# Grounded conductor charge distribution

1. Oct 28, 2013

### MrAlbot

Hello, I've been trying to understand how the fact of grounding a conductor affects its charge distribution.

So, for example, lets assume there are three spherical shells with radius R1 R2 and R3. Supose I charge the R1 shell with q and the R3 shell with -q , and I connect the R2 shell to the ground and now I want to find out what is the charge distribution over the inside and outside of these shells.

As far as I can see, the middle shell acts like a perfect faraday cage, and the distribution of charge of R3 of -q will scatter through the outside surface.

so the Electric field should only exist betwen R1 and R2 and out of the bigger shell (r>R3)

The charge distribution would be:

R1- = 0
R1+ = q
R2- = -q
R2+ = 0
R3- = 0
R3+ = -q

Based in the fact that if the cage acts and contains the electric field inside the larger (R3) shell then the Gauss law would work (* now that I see it I think here is the problem, because the potential must somehow go back to zero *)

Although I've seen people say that the distribution should be:

R1- = 0
R1+ = q
R2- = -q
R2+ = q'
R3- = -q'
R3+ = -q+q'

and then be solved (knowing that The potential from the midle sphere must be zero)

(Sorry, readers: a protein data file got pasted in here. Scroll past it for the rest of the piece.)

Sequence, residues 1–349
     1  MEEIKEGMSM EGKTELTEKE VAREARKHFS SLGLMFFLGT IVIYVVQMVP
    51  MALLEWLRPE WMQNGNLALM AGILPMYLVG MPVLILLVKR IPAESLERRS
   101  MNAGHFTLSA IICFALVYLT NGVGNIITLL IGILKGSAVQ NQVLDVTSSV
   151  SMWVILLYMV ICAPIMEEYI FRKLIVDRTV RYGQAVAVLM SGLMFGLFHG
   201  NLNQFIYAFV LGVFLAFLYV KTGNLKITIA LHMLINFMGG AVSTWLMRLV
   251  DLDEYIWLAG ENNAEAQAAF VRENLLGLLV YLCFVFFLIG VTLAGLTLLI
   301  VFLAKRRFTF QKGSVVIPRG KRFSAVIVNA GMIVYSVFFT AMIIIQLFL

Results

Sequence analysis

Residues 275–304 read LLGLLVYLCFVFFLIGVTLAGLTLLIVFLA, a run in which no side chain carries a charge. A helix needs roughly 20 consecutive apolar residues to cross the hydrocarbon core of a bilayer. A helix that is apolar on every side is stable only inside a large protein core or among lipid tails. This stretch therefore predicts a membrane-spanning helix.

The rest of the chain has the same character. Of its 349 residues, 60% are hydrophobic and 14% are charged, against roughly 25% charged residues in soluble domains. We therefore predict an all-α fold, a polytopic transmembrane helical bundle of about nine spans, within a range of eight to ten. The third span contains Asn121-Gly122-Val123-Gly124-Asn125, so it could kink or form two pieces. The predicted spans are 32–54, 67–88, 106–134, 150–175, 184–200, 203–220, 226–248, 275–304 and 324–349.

calculating the potential from infinity to R2 must be zero, so The potential from infinity to R3 plus the potential from R3 to R2 must be zero, and this 2 potentials must be simetric.

In the meantime, while I was writting all of this down, I came to the conclusion thaat the second option is the correcto one, but I was hoping I could have someone else's aproval on this.

Pedro

2. Oct 29, 2013

### Simon Bridge

Grounding a conductor provides a large amount of charges to balance out whatever the conductor has.

The effect is that any excess charge on the conductor gets conducted away to ground - unless there is some other reason for them to stick around. (It also sets the potential of the surface that got grounded to the same as the ground - usually "zero".) This means that attracted charges get to stay, repelled charges get conducted away.

R1<R2<R3?

If it were not grounded, then the charges in the shell would be able to redistribute to cancel out any external field.

Taking R1<R2<R3:

Ignore the grounding for a bit - there would be an electric field everywhere except inside R1.
The neutral shell at R2 has no effect on the field.
The charge at R3 has no contribution to the field for r<R3.
For r>R3 there are equal and opposite contributions from R1 and R3... so there is no field.

Now you want to look carefully at the (induced) charge at R3.

Once you have that - then you can figure out what happens when R2 is grounded.